Un-hyphenated Americans

Interesting column on ethnically incorrect famous Americans.

Actress Jessica Alba is one:

Alba is my last name and I’m proud of that. But that’s it. My grandparents were born in California, the same as my parents, and though I may be proud of my last name, I’m American. Throughout my whole life, I’ve never felt connected to one particular race or heritage, nor did I feel accepted by any. If you break it down, I’m less Latina than Cameron Diaz, whose father is Cuban. But people don’t call her Latina because she’s blonde…

My grandfather was the only Mexican at his college, the only Hispanic person at work and the only one at the all-white country club. He tried to forget his Mexican roots, because he never wanted his kids to be made to feel different in America. He and my grandmother didn’t speak Spanish to their children. Now, as a third-generation American, I feel as if I have finally cut loose.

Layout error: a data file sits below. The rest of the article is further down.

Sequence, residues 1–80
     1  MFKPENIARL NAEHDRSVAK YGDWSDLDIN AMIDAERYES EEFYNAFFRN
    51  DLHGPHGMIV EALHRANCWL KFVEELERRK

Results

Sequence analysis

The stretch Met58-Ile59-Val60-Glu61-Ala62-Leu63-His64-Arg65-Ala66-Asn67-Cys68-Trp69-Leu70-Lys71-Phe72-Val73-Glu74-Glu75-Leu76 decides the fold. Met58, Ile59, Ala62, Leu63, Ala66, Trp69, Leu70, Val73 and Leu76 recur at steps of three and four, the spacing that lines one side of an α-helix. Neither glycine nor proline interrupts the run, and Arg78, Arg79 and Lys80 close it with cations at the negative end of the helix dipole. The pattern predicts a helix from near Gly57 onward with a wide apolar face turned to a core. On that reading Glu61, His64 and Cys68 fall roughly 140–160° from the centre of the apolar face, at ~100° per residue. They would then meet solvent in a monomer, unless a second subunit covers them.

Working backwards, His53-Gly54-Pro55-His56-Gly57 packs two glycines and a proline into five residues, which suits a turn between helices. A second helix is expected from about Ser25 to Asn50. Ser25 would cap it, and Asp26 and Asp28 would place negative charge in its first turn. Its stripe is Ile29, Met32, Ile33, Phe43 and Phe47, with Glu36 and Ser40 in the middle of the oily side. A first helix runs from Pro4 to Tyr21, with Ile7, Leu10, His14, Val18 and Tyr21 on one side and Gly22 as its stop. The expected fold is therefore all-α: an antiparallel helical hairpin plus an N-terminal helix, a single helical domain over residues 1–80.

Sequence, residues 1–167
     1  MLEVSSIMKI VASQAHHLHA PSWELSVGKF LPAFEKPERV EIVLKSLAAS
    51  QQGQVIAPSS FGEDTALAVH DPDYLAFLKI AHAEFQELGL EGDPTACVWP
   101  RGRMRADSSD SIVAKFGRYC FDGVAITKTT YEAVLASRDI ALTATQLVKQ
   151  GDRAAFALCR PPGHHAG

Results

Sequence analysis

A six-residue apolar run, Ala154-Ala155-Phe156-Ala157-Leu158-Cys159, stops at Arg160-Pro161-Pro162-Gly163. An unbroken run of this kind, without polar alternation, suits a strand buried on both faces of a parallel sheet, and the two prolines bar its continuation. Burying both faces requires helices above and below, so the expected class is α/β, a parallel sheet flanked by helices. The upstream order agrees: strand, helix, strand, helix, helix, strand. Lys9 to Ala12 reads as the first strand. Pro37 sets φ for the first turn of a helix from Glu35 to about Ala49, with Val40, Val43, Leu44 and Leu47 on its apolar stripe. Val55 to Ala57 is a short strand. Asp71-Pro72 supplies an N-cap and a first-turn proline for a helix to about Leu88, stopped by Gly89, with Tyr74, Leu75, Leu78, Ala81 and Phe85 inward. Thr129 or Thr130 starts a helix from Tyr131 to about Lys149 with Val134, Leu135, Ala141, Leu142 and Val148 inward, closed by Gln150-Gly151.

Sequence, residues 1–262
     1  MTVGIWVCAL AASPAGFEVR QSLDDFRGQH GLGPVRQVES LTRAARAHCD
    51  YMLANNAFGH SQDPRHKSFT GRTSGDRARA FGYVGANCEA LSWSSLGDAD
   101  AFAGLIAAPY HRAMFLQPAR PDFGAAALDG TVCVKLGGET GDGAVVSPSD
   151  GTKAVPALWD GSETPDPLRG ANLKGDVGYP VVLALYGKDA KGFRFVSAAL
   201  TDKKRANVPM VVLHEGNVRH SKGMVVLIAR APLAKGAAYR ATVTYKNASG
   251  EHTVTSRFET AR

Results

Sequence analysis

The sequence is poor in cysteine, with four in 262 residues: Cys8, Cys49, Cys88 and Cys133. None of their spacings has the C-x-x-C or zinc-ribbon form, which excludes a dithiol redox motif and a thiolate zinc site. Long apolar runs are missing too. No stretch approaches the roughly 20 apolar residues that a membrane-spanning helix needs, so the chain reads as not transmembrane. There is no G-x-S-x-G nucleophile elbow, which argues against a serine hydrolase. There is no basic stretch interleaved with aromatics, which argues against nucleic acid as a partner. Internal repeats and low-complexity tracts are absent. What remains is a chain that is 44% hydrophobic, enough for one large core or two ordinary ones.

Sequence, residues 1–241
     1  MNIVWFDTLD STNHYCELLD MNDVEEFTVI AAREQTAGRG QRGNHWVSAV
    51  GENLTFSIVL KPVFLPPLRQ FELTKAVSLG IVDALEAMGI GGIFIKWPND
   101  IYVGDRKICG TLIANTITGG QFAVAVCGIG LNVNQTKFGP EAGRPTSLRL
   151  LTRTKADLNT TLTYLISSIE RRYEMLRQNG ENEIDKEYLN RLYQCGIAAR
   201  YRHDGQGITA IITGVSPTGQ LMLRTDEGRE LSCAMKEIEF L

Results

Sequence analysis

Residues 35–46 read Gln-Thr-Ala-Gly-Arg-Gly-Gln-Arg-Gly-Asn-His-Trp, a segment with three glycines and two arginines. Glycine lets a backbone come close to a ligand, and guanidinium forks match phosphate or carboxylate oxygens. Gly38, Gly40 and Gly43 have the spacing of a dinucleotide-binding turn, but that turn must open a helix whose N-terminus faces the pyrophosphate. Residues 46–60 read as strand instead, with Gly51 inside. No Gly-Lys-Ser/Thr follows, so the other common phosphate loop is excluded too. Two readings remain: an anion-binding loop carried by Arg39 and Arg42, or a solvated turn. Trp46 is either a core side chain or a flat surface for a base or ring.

My whole life, when I was growing up, not one race has ever accepted me, … So I never felt connected or attached to any race specifically. I had a very American upbringing, I feel American, and I don’t speak Spanish. So, to say that I’m a Latin actress, OK, but it’s not fitting; it would be insincere.

Advertisements
Post a comment or leave a trackback: Trackback URL.

Leave a Reply

Fill in your details below or click an icon to log in:

WordPress.com Logo

You are commenting using your WordPress.com account. Log Out / Change )

Twitter picture

You are commenting using your Twitter account. Log Out / Change )

Facebook photo

You are commenting using your Facebook account. Log Out / Change )

Google+ photo

You are commenting using your Google+ account. Log Out / Change )

Connecting to %s

%d bloggers like this: